Novice: Requires knowledge of the user interface on single-user computers.
This article applies to a Microsoft Access database (.mdb and .accdb) and to a Microsoft Access project (.adp).
For a Microsoft Access 2000 version of this article, see 288947.
For a Microsoft Access 97 version of this article, see 288949.
If you decide to store the data for your solution in an Access database or in another relational database, designing the database structure is likely to be the most challenging part of building the solution. Although it is fairly easy to modify the data model while you are developing the solution, it is much more difficult after you have started to build other database objects. Therefore, you should put as much effort as possible into designing the data model before you begin to create any objects in the database. Developing a solution that is based on a well-designed data model will make it much easier for you to develop the solution.
If you are new to relational database design, start by using the following resources:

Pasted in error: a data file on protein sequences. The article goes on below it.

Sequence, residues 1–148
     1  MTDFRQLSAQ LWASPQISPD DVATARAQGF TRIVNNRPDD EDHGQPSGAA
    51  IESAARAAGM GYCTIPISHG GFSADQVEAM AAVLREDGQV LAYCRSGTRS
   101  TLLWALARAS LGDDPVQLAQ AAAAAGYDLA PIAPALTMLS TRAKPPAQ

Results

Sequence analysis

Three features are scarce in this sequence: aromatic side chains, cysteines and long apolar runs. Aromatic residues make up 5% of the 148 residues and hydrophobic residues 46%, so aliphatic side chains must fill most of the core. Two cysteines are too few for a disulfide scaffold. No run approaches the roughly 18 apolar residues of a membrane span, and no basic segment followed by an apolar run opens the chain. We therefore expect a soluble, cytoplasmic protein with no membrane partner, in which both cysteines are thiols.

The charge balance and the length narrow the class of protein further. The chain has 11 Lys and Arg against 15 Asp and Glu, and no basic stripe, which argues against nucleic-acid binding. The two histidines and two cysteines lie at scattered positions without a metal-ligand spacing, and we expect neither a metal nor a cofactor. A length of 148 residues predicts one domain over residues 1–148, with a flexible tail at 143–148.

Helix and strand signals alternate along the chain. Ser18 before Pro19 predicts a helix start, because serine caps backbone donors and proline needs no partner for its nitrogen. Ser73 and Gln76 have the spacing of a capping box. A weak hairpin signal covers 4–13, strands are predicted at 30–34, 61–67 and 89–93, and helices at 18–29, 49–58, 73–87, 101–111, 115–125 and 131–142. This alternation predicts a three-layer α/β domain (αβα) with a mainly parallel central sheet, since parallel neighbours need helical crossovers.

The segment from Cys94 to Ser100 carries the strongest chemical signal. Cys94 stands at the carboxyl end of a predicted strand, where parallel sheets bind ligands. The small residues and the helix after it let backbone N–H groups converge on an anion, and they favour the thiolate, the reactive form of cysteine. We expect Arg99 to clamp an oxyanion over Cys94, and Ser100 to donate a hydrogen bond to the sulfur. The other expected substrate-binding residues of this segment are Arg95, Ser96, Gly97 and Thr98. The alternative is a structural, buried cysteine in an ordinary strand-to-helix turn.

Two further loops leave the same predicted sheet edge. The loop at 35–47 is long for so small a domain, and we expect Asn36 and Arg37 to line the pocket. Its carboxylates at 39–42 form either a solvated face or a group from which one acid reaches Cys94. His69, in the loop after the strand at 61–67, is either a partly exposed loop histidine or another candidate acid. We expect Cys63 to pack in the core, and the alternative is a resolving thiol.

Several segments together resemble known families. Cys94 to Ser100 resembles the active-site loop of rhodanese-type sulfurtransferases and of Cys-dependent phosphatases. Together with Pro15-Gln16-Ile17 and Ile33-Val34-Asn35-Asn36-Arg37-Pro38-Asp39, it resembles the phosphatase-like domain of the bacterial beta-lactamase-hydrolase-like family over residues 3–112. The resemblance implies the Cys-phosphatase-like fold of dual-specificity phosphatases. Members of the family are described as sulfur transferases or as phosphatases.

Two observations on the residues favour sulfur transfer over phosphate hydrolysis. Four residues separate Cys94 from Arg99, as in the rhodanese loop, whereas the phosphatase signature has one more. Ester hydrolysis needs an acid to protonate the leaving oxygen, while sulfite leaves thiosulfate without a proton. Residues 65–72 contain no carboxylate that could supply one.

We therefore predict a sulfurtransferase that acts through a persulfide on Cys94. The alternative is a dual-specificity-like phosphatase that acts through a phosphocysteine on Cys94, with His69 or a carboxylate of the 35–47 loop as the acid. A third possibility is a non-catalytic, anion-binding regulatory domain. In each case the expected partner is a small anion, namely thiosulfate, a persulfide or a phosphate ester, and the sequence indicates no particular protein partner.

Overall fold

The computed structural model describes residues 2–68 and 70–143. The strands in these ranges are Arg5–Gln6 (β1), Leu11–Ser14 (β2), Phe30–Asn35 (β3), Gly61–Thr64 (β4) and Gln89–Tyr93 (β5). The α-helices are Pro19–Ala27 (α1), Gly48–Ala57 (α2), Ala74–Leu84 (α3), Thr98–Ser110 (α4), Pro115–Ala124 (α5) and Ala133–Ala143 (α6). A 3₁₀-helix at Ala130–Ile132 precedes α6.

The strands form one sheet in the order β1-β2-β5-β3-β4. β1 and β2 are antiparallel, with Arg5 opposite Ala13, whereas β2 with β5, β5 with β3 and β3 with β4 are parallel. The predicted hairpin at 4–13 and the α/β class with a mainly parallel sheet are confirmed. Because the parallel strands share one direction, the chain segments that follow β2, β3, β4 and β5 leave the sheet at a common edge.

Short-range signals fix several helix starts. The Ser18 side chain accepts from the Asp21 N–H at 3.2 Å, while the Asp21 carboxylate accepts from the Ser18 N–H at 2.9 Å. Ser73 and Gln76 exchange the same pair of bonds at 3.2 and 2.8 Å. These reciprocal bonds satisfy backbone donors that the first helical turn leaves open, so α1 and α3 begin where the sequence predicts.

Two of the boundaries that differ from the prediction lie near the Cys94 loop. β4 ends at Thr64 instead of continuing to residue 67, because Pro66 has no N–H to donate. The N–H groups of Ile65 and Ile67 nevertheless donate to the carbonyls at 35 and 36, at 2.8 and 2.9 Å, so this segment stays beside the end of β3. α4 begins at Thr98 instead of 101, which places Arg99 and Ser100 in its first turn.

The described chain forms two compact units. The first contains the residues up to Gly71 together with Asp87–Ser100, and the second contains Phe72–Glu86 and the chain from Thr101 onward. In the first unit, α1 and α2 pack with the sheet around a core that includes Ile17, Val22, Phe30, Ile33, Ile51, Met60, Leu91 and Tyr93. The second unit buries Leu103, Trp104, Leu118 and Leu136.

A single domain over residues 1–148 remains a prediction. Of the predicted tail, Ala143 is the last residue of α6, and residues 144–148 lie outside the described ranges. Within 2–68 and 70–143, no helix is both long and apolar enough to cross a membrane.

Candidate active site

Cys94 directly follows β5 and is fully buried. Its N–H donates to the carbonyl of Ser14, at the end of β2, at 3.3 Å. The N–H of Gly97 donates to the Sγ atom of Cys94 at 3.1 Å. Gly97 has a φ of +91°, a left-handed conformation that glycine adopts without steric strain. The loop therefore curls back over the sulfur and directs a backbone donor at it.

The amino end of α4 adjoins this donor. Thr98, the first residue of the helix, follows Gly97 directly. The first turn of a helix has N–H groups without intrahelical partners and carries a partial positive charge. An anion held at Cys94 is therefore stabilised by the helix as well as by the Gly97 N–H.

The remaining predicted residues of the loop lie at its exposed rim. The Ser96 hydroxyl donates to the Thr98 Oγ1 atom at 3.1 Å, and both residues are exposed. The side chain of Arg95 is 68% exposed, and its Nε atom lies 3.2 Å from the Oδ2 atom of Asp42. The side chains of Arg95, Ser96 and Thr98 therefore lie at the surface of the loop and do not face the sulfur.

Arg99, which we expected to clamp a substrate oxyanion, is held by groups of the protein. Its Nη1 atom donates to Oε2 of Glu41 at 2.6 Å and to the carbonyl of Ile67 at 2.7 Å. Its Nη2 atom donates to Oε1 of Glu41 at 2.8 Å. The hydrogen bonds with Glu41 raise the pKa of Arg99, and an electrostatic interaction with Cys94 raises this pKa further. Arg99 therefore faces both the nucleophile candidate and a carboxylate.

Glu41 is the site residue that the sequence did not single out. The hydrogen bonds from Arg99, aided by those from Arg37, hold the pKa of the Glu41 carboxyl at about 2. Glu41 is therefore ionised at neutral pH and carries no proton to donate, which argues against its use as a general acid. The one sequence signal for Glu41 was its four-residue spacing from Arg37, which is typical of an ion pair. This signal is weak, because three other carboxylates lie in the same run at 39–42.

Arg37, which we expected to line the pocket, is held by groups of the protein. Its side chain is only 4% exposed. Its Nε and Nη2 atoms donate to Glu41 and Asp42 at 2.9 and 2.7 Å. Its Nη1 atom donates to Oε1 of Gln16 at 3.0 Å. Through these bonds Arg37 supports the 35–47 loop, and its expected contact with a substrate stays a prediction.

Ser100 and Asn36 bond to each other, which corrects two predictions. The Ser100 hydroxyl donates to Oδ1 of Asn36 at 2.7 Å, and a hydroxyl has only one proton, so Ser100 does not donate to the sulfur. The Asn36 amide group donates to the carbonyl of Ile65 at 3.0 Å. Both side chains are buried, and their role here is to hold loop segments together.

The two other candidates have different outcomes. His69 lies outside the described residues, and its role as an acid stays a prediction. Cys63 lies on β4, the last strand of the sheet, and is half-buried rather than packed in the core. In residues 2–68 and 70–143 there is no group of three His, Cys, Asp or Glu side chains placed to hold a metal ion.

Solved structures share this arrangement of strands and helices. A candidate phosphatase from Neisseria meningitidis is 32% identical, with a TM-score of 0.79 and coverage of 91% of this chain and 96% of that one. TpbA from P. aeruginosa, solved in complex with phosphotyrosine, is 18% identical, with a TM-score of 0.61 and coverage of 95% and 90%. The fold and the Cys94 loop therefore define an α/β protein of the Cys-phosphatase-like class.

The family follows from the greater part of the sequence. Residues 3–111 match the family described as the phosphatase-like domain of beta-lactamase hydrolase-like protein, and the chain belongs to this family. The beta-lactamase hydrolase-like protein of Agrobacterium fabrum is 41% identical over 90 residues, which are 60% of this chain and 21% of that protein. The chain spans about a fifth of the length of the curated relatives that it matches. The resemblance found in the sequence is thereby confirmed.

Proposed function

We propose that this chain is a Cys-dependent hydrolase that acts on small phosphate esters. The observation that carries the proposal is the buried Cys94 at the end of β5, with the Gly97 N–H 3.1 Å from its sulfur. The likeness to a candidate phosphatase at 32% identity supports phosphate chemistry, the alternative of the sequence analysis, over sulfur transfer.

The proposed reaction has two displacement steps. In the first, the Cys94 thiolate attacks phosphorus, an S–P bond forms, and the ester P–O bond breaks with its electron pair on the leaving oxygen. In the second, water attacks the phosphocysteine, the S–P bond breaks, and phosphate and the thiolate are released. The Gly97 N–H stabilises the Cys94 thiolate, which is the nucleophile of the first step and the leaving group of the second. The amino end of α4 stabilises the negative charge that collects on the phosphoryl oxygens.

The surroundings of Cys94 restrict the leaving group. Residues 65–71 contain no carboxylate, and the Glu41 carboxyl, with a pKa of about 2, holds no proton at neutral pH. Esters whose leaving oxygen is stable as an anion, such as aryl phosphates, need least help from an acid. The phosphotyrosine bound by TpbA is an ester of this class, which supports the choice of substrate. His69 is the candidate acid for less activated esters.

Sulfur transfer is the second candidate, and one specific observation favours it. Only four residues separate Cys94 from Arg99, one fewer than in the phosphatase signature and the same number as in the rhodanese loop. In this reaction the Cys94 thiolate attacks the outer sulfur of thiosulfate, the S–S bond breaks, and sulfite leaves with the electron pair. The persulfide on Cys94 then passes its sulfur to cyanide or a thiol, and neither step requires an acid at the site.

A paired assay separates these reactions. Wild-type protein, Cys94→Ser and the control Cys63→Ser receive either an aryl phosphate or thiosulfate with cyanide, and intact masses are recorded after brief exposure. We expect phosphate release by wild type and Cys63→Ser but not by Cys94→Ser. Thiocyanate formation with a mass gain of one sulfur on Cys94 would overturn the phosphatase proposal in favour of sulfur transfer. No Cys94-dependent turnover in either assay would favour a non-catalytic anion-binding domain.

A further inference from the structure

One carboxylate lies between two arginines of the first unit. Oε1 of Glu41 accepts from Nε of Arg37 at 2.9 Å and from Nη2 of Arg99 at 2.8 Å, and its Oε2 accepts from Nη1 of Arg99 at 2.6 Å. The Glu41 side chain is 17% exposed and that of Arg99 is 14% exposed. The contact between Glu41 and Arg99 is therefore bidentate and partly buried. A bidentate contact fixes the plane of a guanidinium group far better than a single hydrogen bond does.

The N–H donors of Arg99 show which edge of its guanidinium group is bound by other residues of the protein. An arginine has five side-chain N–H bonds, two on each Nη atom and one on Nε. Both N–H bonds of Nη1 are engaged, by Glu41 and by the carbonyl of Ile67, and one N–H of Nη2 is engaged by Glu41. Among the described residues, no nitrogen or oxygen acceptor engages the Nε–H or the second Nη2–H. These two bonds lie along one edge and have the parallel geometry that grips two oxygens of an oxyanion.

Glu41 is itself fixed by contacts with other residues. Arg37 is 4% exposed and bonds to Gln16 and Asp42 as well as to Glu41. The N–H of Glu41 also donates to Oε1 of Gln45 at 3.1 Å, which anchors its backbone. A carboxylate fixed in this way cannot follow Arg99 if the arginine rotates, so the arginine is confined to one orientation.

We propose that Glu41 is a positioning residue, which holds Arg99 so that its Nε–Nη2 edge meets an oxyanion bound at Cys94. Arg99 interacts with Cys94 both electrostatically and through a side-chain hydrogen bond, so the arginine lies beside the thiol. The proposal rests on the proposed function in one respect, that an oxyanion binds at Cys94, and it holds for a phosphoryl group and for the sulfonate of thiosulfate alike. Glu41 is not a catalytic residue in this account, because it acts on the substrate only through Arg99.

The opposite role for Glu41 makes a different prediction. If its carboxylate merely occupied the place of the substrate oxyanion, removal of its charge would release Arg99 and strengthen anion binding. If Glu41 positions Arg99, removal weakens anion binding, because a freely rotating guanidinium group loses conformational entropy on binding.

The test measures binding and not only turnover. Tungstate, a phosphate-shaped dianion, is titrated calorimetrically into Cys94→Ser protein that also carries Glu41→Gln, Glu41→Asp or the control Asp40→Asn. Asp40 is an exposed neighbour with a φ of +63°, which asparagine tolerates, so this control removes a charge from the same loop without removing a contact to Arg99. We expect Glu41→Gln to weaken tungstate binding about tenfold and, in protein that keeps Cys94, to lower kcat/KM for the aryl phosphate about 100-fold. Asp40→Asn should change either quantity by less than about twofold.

For an overview of relational database design, see the following Knowledge Base article:
283878 Description of the database normalization basics
Download the "Understanding Relational Database Design" document. This document shows you how to plan and design a database from the ground up. To download this document, see the following article in the Microsoft Knowledge Base:
283698 "Understanding Relational Database Design" document is available in Download Center
Analyze your tables by using the Table Analyzer Wizard. For more information about the Table Analyzer Wizard, see the following Knowledge Base article:
Normalization WebCast Table Analyzer Wizard Class Book Fundamentals normalize normalizing basics start begin create creating starting beginning essentials first beginner where can i find course inf ACC2002 ACC2003 ACC2007 ACC2010